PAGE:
RTDNA praises independent local journalism

April 4, 2018 01:30

Many questions have been raised recently about the degree to which the news that viewers consume on local television stations across the country is truly local, and truly independent.
RTDNA is, and always has been, a champion of independent local journalism. Editorial independence is an essential guiding principle for all journalists, local and national. Independence in this sense means making decisions in the best interests of the public, the audience, and the community – without being unduly influenced by outside pressures. 
Much of journalism's unique value lies in its local coverage. Newsrooms around the country, in cities large and small, serve the public in ways consistent with the RTDNA Code of Ethics, and in a manner that networks and national publications can't. National journalists are essential to the process of seeking and reporting the truth; it's just not their mission to dig deeply into specific issues of concern in local communities on a consistent basis.
Local journalists live in the communities they cover. They are stakeholders in those communities, and their work reflects it, which is why RTDNA in February launched its #ThisIsJournalism campaign:
Every single day across the United States, local journalists are uncovering corruption or shining a light on problems that might otherwise go unnoticed. Often, their outstanding responsible journalism serves as a catalyst for positive change in their communities.
For instance:
  • KHOU, Houston:  Transparency.  This digital, episodic investigation into Houston’s police body camera policies led to changes in how those body cameras are used in Houston. 
  • KXAS-TV, Dallas-Fort Worth: Big Buses, Bigger Problems. This investigative report revealed that dozens of Dallas school bus drivers were running red lights and committing other traffic violations, placing children and others in danger. The report resulted in the suspension or firing of several bus drivers.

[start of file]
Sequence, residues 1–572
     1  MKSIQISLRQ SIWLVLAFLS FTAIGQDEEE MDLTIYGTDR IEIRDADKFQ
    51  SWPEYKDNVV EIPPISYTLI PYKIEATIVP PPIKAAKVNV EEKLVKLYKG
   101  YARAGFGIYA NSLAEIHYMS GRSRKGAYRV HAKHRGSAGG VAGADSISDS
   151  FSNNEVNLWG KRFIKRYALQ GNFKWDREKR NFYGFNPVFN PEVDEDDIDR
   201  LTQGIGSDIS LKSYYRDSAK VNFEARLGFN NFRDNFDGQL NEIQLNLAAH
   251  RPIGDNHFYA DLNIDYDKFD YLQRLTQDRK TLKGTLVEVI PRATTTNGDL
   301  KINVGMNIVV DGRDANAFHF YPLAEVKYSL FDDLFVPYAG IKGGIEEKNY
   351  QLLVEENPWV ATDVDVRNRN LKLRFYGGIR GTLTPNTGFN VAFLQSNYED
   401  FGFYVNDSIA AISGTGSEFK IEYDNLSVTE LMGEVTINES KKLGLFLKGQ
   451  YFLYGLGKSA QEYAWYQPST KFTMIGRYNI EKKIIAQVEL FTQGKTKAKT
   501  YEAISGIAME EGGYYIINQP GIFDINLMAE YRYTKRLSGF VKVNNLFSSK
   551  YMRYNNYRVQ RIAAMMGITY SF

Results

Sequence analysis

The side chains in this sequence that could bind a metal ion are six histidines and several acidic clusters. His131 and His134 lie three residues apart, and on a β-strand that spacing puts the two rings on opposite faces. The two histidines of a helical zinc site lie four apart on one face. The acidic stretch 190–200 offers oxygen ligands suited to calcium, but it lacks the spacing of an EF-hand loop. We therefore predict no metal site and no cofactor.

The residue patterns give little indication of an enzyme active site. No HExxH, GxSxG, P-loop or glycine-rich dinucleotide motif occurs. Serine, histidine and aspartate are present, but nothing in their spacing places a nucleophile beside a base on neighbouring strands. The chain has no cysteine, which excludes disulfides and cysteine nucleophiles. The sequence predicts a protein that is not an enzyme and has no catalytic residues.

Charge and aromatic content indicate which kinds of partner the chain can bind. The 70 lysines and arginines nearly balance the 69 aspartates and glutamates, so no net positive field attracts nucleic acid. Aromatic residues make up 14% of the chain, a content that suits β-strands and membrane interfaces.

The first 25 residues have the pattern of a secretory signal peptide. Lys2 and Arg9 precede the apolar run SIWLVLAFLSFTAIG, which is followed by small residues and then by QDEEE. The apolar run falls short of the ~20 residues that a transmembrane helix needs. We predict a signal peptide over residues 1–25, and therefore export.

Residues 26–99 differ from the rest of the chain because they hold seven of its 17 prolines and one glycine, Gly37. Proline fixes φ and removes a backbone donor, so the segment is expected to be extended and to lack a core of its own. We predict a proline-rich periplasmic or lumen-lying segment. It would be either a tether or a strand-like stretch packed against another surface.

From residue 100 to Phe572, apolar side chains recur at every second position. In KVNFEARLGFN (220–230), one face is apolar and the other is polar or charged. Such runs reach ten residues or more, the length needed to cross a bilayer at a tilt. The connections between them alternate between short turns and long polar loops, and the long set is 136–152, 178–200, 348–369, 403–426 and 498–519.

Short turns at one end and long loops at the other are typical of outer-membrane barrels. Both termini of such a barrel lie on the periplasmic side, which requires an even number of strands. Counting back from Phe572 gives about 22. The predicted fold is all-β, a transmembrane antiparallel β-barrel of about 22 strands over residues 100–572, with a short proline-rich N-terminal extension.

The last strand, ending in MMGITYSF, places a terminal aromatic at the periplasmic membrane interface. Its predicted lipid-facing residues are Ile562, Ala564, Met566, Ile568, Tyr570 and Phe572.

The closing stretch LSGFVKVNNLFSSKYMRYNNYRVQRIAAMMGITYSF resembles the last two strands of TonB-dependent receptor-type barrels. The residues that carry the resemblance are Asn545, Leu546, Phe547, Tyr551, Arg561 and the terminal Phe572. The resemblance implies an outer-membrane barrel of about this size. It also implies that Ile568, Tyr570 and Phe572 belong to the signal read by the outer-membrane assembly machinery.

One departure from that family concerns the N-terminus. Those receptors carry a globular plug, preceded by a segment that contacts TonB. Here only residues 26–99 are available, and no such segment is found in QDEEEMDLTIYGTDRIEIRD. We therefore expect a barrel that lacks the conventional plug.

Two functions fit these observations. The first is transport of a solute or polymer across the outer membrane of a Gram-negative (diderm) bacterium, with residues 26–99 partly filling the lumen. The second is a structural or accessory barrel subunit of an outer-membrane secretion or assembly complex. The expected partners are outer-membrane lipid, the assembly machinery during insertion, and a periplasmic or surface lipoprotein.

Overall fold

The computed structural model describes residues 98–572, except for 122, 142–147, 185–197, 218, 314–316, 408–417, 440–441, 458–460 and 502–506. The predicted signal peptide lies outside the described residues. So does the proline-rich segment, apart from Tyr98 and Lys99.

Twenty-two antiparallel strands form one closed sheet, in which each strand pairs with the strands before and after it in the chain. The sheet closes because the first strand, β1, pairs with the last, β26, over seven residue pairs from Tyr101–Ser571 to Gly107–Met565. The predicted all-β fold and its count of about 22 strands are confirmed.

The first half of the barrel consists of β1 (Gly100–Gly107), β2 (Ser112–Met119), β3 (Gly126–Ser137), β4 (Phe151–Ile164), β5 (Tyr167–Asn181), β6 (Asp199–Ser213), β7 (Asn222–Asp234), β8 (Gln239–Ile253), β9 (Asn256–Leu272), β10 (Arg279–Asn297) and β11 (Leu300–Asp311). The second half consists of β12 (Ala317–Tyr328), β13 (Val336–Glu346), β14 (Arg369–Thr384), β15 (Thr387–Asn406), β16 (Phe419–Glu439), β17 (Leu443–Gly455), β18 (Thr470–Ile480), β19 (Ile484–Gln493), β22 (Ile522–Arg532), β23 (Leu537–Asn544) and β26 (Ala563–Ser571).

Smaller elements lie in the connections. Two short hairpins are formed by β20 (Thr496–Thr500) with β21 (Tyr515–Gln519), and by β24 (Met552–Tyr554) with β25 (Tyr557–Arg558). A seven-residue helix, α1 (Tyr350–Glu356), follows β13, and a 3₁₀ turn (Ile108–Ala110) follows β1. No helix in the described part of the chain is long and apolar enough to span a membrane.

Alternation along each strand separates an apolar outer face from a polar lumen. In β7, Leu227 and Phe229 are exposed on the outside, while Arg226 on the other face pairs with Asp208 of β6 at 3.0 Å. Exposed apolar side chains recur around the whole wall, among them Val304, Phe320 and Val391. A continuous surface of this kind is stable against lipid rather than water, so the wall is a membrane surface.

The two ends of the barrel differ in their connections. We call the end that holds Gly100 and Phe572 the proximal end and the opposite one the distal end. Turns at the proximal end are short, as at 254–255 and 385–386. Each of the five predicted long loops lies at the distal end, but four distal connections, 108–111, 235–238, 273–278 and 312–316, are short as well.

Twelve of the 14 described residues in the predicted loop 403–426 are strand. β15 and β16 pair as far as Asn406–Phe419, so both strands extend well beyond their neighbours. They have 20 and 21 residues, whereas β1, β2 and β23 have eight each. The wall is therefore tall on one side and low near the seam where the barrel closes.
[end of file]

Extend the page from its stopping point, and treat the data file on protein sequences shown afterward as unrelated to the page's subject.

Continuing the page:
• KWCH-TV, Wichita: Badge to Badge. Investigative reporting revealed that many small-town Kansas police officers who’d been fired from one department were easily finding jobs in other, neighboring departments. The report led the state to urge communities to do better background checks on potential police department employees.
  • Michigan Radio: Not Safe to Drink. This documentary broke open the Flint water crisis to intense state-wide and nation-wide scrutiny.
  • KQED Radio, San Francisco: California Finally Begins Regulating Cancer-Causing Chemical Found in Drinking Water. After a local journalist discovered a carcinogenic agent in her community’s water supply, she investigated and discovered it was also present in dozens of other water supplies throughout the state. As a direct result of her reporting, the State Water Resources Control Board adopted new standards limiting the level of such chemicals and requiring water systems to conduct monthly tests to prove compliance.
There are countless other examples throughout the country. Even more will be highlighted when RTDNA announces the winners of this year’s regional Edward R. Murrow Awards in late April.
Media companies manage their enterprises in a variety of ways, according to their best judgment. When that judgment conflicts with the values of viewers, listeners and readers, those audiences have effective ways of making their feelings known. RTDNA urges viewers, listeners and readers to get their information from a variety of sources so they can determine which of those sources they trust.
RTDNA respects the right of businesses to operate as they see fit, within the law and in accordance with accepted ethical values. In case of controversy, we encourage the public never to lose sight of the important work done daily by local journalists who are employed by many companies but ultimately report to the people who live in the communities they serve. 
RTDNA is the world’s largest professional association devoted exclusively to advocating on behalf of broadcast and digital journalists. It works to protect the rights of broadcast and digital journalists in the courts and legislatures throughout the country, promotes ethical standards in the industry, provides members with training and education and honors outstanding work in the profession through the Edward R. Murrow Awards. 


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